edit: forgot to mention I bought a macbook with my life savings this year, kinda important.

At 17 years old I discovered processing.org. I made a spaceship game akin to Escape Velocity. It was not half bad I impressed my school friends with it :), btw, but I just got bored with it after playing it for a week (It got boring probably because I played too much rather than developing it.). I also made a game called HangThis (hang man game) and released it on mac game sites. I made a couple of libs in Java for processing for myself. I also read and gone through some tutorials with C and Objective-C and XCode, and made a couple of not-so-useful cocoa apps (Tried to make a WML editor again but failed). Tired of the stupid header files. I had my uni-entrance exams this year so I stopped playing with programming for many months.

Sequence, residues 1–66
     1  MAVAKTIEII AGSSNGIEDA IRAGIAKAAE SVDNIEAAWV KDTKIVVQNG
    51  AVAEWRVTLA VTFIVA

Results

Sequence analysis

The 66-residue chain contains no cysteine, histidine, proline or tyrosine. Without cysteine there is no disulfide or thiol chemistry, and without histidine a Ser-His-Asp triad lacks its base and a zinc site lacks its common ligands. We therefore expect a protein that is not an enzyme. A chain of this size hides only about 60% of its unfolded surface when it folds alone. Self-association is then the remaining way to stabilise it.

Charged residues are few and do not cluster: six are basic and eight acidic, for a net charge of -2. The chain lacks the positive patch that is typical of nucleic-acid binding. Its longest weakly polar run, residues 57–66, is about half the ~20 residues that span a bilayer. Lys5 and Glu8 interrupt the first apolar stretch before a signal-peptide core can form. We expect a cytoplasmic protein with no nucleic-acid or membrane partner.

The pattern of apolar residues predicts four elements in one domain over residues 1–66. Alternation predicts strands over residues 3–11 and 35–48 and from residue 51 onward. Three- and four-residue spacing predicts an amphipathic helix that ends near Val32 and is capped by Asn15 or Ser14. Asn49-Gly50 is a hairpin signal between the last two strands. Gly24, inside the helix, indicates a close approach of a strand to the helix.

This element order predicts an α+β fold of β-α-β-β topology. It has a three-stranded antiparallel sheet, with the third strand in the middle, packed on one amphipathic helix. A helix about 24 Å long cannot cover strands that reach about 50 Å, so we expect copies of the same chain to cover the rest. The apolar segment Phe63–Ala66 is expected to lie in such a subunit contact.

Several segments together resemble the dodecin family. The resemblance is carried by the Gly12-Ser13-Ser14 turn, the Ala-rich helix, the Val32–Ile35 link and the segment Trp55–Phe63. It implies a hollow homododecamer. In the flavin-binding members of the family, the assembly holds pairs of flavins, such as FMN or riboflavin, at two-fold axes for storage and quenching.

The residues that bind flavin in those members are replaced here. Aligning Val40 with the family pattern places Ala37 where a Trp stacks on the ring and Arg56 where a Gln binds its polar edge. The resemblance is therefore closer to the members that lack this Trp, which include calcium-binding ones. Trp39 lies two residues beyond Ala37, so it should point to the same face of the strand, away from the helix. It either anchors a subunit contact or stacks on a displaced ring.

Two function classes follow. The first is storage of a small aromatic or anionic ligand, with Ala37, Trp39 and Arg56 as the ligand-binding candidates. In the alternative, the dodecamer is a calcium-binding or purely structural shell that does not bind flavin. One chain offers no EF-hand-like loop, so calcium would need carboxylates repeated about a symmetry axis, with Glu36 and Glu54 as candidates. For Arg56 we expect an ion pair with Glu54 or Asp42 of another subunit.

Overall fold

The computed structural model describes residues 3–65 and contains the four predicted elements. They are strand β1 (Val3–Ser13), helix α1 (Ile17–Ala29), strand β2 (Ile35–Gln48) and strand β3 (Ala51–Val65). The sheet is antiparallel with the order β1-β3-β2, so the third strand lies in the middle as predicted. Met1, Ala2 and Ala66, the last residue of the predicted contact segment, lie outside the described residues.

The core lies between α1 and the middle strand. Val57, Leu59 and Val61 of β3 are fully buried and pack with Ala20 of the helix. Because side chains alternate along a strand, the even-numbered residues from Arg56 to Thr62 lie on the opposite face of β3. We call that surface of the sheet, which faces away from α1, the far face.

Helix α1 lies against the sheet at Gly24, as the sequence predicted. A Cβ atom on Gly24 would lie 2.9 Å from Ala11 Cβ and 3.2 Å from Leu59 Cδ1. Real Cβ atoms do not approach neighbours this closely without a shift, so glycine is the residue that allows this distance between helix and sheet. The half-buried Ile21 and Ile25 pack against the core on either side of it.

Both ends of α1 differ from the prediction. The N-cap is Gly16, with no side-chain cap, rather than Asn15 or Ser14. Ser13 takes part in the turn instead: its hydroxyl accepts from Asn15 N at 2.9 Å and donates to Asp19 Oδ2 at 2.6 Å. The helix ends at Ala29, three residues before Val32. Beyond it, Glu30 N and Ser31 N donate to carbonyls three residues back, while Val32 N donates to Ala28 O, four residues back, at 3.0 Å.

At 18 years old , after exams and my vacation to China, Hong Kong and Queensland in Australia, I still had a month of holidays till uni actually started in March. A friend on IRC recruited me to help him with his master of orion clone, written in C++, and I installed Linux on trial version of VMWare so I use the same platform he did. This is where I learnt a lot of UNIX and C and SDL stuff, even though I only worked on it for a week.

Out of the blue my dad asked me to write an AJAX application for him. I learnt HTML and Javascript doing this. Javascript is my favorite language, even now. Javascript is somewhat similar to Lisp in a way. I went on IRC and the Lispers were pretty elitist and ended up throwing my emacs away.